Workshop Report – Writing “Outsiders” into the History of International Public Health, Birkbeck 27-28 October 2016
Earlier this term, Birkbeck played host to a two-day symposium examining the history of international public health. Writing “Outsiders” into the History of International Public Health brought together over twenty scholars from the UK, Europe, the US and Canada, setting out to examine what impact factoring in “outsiders” would make to the way historians write the history of international public health. In addition, the workshop sought to ask what close study of “outsiders” and the processes of marginalisation can tell us about the international system of public health – its rules (written and unwritten), its reach, and its commitment to inclusiveness?
The first panel addressed the theme of ‘giving and taking’ with Jessica Reinisch (Birkbeck) examining the political geography of UNRRA’s donating and receiving countries, noting how the notions of ‘us’ and ‘them’ acted as an important binary for relief work (podcast). Lion Murard (French National Centre for Scientific Research) then focused upon Greek and Eastern European international health during the inter-war period, including a focus on the Americanisation of European public health (podcast). Following this, Yitang Lin, Thomas David and Davide Rodogno (University of Lausanne and University of Geneva) provided an introductory overview of The Rockefeller Fellows and Fellowship Programmes in Public Health database project, noting that fellows could often be both ‘outsiders’ and ‘insiders’ simultaneously (podcast). All of the papers prompted discussion on the political dimensions of international health, including who was an ‘outsider’ in relation to medical staff within UNRRA and amongst the fellows of the Rockefeller programme (Panel discussion).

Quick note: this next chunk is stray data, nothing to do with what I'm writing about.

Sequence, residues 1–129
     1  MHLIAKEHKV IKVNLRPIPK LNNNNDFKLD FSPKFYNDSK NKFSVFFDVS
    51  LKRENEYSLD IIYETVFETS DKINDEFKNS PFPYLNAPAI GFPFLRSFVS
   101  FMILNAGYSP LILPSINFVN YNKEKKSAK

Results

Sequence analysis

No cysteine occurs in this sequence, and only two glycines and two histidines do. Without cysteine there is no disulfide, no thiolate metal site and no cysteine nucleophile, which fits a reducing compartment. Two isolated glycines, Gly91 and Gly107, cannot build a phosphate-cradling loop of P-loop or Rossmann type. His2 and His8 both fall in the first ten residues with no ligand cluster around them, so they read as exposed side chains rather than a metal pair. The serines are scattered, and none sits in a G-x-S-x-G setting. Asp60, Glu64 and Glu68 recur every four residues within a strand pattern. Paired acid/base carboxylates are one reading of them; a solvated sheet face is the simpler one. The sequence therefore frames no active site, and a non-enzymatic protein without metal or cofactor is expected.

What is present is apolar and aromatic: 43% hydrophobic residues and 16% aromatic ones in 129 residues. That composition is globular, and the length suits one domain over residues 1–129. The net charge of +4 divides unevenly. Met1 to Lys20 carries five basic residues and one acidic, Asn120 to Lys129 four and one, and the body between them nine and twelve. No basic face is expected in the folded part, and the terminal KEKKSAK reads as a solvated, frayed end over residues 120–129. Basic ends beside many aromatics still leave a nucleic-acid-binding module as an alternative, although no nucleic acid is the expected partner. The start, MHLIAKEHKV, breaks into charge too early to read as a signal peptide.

The second panel examined Soviet Russia during the inter-war years. Susan Gross-Solomon (Toronto) addressed Soviet public health schemes, arguing that Soviet public health was accepted unevenly outside of Russia throughout the whole period and thus Soviet medical professionals can be viewed as suffering from issues of both superiority and inferiority. She suggested the notion of ‘outsider’ or ‘insider’ was therefore perhaps too binary a distinction to make (podcast). Johanna Conterio (Birkbeck) then presented on socialist design in Black Sea resorts, exploring urban planning from a medical and public health perspective. Her paper examined Soviet models of prosperity and the way in which the Soviets presented this case of prosperity from planning in international settings, specifically in relation to the 1958 Congress of the International Architectural Union in Moscow (podcast). Sarah Marks (Birkbeck) followed, using psychiatry and mental health to explore Czechoslovakia’s ‘outsider’ status during the Cold War. She argued that whilst historiographically Czechoslovakia is an outsider, it can be viewed as an insider in many ways and her paper therefore advocated for the necessity of writing medicine and science back into the history of Czechoslovakia in order to understand its role within the broader Soviet sphere (podcast). All three papers prompted discussion on the extent of the performative aspect of ‘insiders’ and ‘outsiders’ as labels in relation to international gatherings and congresses, as well as to what extent the Soviets can be classified as having truly been ‘outsiders’ during this period (Panel discussion).